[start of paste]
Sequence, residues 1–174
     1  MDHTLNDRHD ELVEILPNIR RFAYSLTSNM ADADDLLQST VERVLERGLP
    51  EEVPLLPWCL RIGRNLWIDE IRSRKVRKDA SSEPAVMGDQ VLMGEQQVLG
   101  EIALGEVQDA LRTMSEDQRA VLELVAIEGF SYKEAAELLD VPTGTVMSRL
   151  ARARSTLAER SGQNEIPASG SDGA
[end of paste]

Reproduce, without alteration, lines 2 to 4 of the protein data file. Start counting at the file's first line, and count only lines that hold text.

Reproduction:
     1  MDHTLNDRHD ELVEILPNIR RFAYSLTSNM ADADDLLQST VERVLERGLP
    51  EEVPLLPWCL RIGRNLWIDE IRSRKVRKDA SSEPAVMGDQ VLMGEQQVLG
   101  EIALGEVQDA LRTMSEDQRA VLELVAIEGF SYKEAAELLD VPTGTVMSRL